Alternative Stage 2 First to Hotel Wetterhorn via the Gleckstein Hut
Stage 3 Hotel Wetterhorn to Alpiglen
Alternative Stage 3 Hotel Wetterhorn to Berghaus Bäregg
Stage 4 Alpiglen to Kleine Scheidegg/Grindelwaldblick
Stage 5 Kleine Scheidegg/Grindelwaldblick to Stechelberg
Part 2 Stechelberg to Wilderswil
Stage 6 Stechelberg to Obersteinberg
Alternative Stage 6 Stechelberg to Obersteinberg (direct route)
Stage 7 Obersteinberg to the Rotstock Hut
Stage 8 Rotstock Hut to the Blumental
Stage 9 Blumental to the Suls-Lobhorn Hut
Stage 10 Suls-Lobhorn Hut to Wilderswil
Appendix A Useful Addresses
Appendix B Accommodation Directory
Appendix C Language Primer
Appendix D Bibliography
Swiss maps are among the best in the world in terms of accuracy and artistic representation. The official Swiss mapping authority, the Bundesamt für Landestopographie, publishes three major series of sheets that cover the whole country at 1:100,000, 1:50,000 and 1:25,000, while the independent publisher, Kümmerly & Frey, has produced a series of walkers' maps at 1:60,000.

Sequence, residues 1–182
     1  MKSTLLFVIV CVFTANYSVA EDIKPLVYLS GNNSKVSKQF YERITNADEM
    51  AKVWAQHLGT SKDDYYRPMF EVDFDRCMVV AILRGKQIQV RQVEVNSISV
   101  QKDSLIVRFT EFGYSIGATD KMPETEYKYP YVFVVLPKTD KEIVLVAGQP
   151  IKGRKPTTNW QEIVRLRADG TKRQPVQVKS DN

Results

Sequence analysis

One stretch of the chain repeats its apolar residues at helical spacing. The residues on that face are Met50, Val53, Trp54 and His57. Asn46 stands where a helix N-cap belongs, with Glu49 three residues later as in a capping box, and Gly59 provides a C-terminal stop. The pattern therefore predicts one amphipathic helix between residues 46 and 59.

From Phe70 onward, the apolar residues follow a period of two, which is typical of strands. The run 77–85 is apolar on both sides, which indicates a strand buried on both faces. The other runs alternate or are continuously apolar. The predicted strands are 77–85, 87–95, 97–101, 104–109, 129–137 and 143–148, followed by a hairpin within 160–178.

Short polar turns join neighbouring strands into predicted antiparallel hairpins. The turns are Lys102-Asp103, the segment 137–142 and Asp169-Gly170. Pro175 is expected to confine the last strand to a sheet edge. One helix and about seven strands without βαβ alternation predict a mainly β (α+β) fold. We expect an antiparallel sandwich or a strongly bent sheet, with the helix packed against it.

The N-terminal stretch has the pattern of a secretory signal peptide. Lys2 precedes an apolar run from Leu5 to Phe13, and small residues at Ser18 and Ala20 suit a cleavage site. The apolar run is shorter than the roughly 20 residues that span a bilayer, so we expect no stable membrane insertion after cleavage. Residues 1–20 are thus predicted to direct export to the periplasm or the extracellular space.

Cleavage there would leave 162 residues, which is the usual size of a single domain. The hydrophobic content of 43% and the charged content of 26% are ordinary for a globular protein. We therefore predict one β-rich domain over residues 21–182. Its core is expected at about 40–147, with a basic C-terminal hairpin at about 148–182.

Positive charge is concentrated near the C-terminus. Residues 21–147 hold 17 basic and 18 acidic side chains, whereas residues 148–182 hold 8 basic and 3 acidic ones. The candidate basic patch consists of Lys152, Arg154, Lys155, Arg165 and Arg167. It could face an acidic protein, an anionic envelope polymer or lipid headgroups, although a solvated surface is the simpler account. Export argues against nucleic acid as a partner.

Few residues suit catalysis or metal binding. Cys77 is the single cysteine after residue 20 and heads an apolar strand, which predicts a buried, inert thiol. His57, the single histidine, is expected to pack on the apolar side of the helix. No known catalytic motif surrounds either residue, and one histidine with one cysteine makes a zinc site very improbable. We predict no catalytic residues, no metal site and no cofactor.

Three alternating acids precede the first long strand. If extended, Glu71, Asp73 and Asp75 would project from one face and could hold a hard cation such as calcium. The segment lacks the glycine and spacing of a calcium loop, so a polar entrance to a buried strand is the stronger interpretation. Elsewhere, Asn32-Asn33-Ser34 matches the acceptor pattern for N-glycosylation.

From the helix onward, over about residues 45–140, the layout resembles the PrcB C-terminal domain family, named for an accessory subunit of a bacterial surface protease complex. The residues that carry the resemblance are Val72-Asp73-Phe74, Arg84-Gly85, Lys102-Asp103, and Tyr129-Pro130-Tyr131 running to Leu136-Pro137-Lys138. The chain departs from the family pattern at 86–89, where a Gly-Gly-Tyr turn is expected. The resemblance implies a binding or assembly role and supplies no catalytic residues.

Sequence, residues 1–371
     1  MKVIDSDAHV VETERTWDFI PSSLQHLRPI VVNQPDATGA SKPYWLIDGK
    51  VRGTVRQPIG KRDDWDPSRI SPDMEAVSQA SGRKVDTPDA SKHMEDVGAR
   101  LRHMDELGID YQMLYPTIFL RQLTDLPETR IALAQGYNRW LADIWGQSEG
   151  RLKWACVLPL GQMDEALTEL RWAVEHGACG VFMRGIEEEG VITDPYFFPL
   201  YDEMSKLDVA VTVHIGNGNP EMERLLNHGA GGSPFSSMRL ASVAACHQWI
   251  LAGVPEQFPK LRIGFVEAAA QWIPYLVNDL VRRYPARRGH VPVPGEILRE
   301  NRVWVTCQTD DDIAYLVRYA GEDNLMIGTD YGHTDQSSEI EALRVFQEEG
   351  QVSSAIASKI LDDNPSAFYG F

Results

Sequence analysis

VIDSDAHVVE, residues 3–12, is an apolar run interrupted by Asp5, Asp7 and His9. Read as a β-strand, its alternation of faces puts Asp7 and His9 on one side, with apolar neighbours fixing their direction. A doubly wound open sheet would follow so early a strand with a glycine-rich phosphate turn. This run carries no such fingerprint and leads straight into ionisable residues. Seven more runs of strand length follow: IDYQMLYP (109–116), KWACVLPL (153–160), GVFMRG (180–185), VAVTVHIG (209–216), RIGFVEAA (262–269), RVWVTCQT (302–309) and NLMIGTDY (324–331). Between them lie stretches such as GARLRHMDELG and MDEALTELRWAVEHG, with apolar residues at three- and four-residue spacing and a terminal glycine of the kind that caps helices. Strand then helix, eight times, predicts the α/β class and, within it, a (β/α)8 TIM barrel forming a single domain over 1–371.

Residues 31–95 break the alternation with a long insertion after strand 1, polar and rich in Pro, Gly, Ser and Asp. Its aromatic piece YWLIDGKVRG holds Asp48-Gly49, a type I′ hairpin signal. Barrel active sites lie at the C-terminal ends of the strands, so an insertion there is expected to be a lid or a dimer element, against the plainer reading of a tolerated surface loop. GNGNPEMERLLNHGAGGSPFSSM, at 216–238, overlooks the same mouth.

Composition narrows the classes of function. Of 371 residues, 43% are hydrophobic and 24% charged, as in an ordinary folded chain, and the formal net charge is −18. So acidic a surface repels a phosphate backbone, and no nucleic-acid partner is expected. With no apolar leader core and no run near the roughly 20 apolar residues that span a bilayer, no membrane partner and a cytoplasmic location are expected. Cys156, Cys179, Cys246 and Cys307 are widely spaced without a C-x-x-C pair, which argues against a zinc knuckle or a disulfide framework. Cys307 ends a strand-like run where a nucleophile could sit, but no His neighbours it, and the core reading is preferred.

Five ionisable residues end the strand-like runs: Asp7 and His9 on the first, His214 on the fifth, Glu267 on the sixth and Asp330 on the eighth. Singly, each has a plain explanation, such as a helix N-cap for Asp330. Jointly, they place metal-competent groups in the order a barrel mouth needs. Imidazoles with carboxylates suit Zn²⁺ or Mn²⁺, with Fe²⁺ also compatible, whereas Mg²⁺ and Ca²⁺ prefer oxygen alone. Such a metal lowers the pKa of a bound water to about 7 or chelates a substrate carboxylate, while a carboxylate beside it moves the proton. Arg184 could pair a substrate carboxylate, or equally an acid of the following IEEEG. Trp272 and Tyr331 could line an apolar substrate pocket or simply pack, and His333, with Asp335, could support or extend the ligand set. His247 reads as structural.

Whilst the greatest amount of detail will be found on the 1:25,000 sheets, the specific maps recommended for the Tour of the Jungfrau Region are either the K&F sheet entitled Jungfrau Region (number 18), or two sheets of the official Swiss survey at 1:50,000 – 254T Interlaken and 264T Jungfrau. These should be adequate for most walkers' needs.
On both the Kümmerly & Frey sheet and those of the Swiss survey major paths are highlighted, as are huts. However, as the TJR is not an officially recognised route as yet, you will need to refer to the maps in this book to identify the actual trails adopted for the trek.